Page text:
Originally published December 17 2008
A Severe Heart Attack Found More Deadly for Women
by Jo Hartley
(NaturalNews) Women who suffer a severe heart attack are less likely to survive the first 24 hours in the hospital than men are, according to a new study appearing currently in the medical journal Circulation published by the American Heart Association. There are several factors that combine to make a heart attack more likely to be a fatal event for women. More than 78,000 patients admitted to 420 hospitals between the years 2001 and 2006 were included in the study. Hospitals gathered the data using a tool to track patient care.
Researchers found no gender gap in deaths for all heart attacks after adjusting for differences in risk factors and age. However, they did find that women who suffered a heart attack known as an "ST-elevation myocardial infarction," (STEMI) had a 12 percent higher risk of dying in the hospital than men. With this type of heart attack, immediate treatment to open the artery is important.
There have been other studies that have concluded that women are less likely to survive heart attacks than men. Experts have disagreed about the reasons, however.
Some studies have concluded that women are not diagnosed as promptly or treated as aggressively as men. Another possibility is that women develop heart disease at an older age than men. Because of this, female patients are more likely to suffer other complications such as diabetes or lung disease in conjunction with heart disease. These complications often complicate the illness and result in death.
Another factor is that women tend to experience confusing heart attack symptoms. This includes symptoms like unexplained fatigue instead of the classic symptom of crushing chest pain. This makes it more difficult to diagnose and more difficult to decide to seek medical help. Time is of the essence in this situation and waiting may be a costly mistake.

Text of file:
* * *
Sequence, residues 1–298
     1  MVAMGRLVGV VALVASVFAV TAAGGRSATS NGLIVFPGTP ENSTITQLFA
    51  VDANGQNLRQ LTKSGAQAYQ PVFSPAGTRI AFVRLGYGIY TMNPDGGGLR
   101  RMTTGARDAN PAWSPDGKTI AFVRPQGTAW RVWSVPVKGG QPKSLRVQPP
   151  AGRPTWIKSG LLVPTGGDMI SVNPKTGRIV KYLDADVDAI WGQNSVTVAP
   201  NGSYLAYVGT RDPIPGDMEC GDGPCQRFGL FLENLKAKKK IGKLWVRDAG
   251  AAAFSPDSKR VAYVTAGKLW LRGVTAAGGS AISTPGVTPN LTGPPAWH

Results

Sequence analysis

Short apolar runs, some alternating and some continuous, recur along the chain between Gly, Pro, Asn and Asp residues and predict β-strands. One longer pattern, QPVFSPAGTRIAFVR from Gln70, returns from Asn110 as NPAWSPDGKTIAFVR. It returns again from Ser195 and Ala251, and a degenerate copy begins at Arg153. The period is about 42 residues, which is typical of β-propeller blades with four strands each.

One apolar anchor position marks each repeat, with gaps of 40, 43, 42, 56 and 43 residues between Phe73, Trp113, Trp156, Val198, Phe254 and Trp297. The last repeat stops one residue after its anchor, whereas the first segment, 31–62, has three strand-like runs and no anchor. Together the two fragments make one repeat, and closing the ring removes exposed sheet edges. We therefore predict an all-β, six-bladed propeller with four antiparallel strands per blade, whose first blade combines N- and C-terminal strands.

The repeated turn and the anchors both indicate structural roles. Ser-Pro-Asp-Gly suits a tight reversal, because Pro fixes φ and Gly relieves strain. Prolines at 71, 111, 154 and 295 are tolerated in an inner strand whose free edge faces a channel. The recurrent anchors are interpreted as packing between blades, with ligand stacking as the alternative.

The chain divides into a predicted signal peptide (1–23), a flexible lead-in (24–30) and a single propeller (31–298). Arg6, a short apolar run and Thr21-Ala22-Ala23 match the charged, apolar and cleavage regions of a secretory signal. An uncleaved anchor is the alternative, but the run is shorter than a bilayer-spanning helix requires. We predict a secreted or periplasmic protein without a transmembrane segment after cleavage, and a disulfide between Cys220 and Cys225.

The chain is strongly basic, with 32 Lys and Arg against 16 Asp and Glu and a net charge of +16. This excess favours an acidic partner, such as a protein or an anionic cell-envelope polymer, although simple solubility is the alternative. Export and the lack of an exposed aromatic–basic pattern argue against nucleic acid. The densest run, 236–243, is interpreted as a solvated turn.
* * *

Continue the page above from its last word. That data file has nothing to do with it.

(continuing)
The researchers in the study found that women were 14 percent less likely than men to be prescribed medication. Women were also 22 percent less likely to receive reperfusion therapy within 30 minutes of arrival. This treatment restores blood flow to the heart and is a recommended protocol. Women were also 13 percent less likely to receive angioplasty within 90 minutes of arrival, according to the study.
On the positive side, the data shows an improvement in timely treatment for women since the 1990s. Care for all heart attack patients is improving. Previous studies discovered that less than one in ten patients were receiving angioplasty within 90 minutes and drug infusion within 30 minutes of arrival. Currently two-thirds are receiving these treatments.
Women need to be encouraged to be aware of symptoms and go to the hospital if they are experiencing heart attack symptoms. Don't delay and call 911 immediately.
About the authorJo Hartley
Wife, Mother of 8, and Grandmother of 2
Jo is a 41 year old home educator who has always gravitated toward a natural approach to life. She enjoys learning as much as possible about just about anything!
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